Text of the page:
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Insurgent Attacks Follow Mathematical Pattern

pickens (49171) writes | more than 4 years ago

The Military 6

Hugh Pickens writes "Nature reports that data collected on the timing of attacks and number of casualties from more than 54,000 events across nine insurgent wars, including those fought in Iraq between 2003 and 2008 and in Sierra Leone between 1994 and 2003 suggests that insurgencies have a common underlying pattern that may allow the timing of attacks and the number of casualties to be predicted. By plotting the distribution of the frequency and size of events, the team found that insurgent wars follow an approximate power law, in which the frequency of attacks decreases with increasing attack size to the power of 2.5. That means that for any insurgent war, an attack with 10 casualties is 316 times more likely to occur than one with 100 casualties (316 is 10 to the power of 2.5). "We found that the way in which humans do insurgent wars — that is, the number of casualties and the timing of events — is universal," says team leader Neil Johnson, a physicist at the University of Miami in Florida. "This changes the way we think insurgency works." To explain what was driving this common pattern, the researchers created a mathematical model that assumes that insurgent groups form and fragment when they sense danger, and strike in well-timed bursts to maximize their media exposure. Johnson is now working to predict how the insurgency in Afghanistan might respond to the influx of foreign troops recently announced by US President Barack Obama. "We do observe a complicated pattern that has to do with the way humans do violence in some collective way," adds Johnson."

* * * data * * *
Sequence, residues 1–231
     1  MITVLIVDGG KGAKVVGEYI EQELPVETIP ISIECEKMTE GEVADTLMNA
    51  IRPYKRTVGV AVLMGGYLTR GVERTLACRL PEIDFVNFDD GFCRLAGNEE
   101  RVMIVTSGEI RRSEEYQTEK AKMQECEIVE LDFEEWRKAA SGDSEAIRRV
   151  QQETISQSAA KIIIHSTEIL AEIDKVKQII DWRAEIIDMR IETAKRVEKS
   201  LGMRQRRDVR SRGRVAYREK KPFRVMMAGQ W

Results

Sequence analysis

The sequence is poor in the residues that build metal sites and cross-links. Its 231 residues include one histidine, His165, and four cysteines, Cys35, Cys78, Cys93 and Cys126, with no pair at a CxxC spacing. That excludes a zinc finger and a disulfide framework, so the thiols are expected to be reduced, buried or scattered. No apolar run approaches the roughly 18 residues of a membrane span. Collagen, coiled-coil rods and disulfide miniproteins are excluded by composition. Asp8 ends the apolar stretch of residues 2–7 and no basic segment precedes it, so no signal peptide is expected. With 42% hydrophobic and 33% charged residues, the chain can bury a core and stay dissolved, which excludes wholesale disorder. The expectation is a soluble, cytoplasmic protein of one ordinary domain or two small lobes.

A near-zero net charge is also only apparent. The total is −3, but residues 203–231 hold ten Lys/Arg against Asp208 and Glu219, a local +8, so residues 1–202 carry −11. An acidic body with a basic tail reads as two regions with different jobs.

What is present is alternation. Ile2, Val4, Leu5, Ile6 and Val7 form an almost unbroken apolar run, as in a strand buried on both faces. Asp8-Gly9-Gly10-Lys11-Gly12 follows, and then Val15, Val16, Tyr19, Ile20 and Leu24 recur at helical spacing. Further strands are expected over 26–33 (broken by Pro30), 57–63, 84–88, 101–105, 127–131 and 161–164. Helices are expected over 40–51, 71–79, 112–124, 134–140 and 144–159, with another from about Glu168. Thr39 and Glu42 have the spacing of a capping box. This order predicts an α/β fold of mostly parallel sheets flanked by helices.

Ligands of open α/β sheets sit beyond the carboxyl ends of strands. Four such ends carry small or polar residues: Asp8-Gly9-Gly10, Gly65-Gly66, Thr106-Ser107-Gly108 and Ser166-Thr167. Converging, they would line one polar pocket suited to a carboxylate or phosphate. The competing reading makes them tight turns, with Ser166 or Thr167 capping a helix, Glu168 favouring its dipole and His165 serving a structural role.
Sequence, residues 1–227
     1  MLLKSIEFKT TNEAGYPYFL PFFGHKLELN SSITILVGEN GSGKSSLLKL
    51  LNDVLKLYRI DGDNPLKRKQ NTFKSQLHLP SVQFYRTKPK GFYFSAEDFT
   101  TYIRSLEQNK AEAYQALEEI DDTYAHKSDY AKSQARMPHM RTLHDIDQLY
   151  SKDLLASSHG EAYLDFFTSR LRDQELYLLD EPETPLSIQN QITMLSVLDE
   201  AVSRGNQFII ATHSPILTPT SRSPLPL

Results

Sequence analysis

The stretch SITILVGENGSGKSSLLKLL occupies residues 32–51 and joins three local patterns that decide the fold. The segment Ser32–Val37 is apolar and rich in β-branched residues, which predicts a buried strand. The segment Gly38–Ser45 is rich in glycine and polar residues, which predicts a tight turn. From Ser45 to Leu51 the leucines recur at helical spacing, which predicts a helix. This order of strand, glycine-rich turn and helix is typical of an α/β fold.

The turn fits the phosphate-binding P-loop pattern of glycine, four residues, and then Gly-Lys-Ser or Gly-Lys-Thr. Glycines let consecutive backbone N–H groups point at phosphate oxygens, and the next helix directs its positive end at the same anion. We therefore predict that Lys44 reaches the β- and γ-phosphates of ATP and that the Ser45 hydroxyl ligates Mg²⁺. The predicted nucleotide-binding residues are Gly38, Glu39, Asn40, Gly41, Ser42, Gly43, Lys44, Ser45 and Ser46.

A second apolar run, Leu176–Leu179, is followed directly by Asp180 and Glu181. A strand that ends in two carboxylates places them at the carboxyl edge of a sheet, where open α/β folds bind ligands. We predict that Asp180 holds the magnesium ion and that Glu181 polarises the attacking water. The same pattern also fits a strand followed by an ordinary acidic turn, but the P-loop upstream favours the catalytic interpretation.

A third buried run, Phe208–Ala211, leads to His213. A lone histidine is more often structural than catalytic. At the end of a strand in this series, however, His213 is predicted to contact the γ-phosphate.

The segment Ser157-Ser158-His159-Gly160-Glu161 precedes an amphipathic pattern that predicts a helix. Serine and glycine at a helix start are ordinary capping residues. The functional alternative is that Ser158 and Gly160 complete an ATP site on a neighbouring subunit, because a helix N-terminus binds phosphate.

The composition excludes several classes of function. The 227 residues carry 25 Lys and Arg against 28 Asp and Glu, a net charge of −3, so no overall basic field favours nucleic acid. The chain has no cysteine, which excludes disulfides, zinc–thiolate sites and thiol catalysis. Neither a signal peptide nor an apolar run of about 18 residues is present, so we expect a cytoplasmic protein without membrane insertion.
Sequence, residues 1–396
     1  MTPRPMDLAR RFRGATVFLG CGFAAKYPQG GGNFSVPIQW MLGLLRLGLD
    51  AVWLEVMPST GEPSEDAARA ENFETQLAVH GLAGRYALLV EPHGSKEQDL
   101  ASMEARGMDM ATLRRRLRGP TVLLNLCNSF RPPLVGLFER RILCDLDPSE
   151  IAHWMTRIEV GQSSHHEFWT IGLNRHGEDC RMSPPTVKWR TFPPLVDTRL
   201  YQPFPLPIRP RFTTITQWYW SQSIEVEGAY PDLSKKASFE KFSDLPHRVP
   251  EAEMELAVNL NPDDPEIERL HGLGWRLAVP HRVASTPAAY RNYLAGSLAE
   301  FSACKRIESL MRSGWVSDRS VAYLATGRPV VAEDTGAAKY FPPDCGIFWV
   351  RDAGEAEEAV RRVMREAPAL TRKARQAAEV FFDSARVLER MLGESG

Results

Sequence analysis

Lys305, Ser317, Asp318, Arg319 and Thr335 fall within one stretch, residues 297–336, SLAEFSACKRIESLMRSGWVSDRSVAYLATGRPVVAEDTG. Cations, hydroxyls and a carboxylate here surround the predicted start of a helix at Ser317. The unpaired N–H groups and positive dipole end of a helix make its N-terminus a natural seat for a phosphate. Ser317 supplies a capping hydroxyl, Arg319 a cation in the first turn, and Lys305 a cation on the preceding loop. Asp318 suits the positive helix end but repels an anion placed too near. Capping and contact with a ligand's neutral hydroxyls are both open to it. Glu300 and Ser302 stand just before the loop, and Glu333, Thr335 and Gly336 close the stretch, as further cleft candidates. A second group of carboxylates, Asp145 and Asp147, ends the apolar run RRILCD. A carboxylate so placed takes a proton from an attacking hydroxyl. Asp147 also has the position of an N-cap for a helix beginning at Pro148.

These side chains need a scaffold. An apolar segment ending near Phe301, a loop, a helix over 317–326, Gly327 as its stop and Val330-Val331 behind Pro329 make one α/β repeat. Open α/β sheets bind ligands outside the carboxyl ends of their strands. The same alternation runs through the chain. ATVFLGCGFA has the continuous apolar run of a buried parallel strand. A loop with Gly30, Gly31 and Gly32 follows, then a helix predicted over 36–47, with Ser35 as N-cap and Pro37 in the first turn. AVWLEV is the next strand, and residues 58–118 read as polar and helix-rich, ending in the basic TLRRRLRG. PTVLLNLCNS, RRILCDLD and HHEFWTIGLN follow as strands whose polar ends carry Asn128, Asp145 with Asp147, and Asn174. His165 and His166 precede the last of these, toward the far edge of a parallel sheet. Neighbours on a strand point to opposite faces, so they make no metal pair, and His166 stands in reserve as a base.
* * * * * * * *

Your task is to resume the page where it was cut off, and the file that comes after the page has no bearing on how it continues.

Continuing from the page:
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Asimov's Psychohistory (1)

edwebdev (1304531) | more than 4 years ago | (#30493554)

From Wikipedia:

Psychohistory, a fictional science in Isaac Asimov's Foundation universe, combines history, sociology, and mathematical statistics to make (nearly) exact predictions of the collective actions of very large groups of people, such as the Galactic Empire.

Re:Asimov's Psychohistory (1)

number1scatterbrain (976838) | more than 4 years ago | (#30495668)

It's like the uncertainty principle and the decoherence/coherence transition in quantum theory. Any single person's actions are unpredictable, but in increasing numbers, coherent patterns are evident and behavior can be predicted.

Re:Asimov's Psychohistory (1)

calmofthestorm (1344385) | more than 4 years ago | (#30495854)

That's a nice way to have both determinism and free will. I approve;)

Re:Asimov's Psychohistory (1)

ihuntrocks (870257) | more than 4 years ago | (#30497226)

Excellent! Another Asimov fan. Why do you think I tagged the story as "seldonplan"? I nearly fell out when Dr. Bruce Bueno de Mesquita [] made a reference to Harry Seldon when he was on the Daily Show discussing his work.

Validation ?? (1)

foobsr (693224) | more than 4 years ago | (#30497612)

How much does it tell us that there is no hint that they validated their model by 'predicting' past events from their data using their "model" ?


State actors? (1)

AHuxley (892839) | more than 4 years ago | (#30501780)

If its too much like clock work it could be database set.
Who loves computers and timetables - states.
Recall the SAS soldiers caught in Iraq by the Iraqi police in a booby-trapped car, traditional Arab dress, wigs and with explosives.
Agents provocateurs masquerading as ‘insurgents’ on false flag operations? [] []
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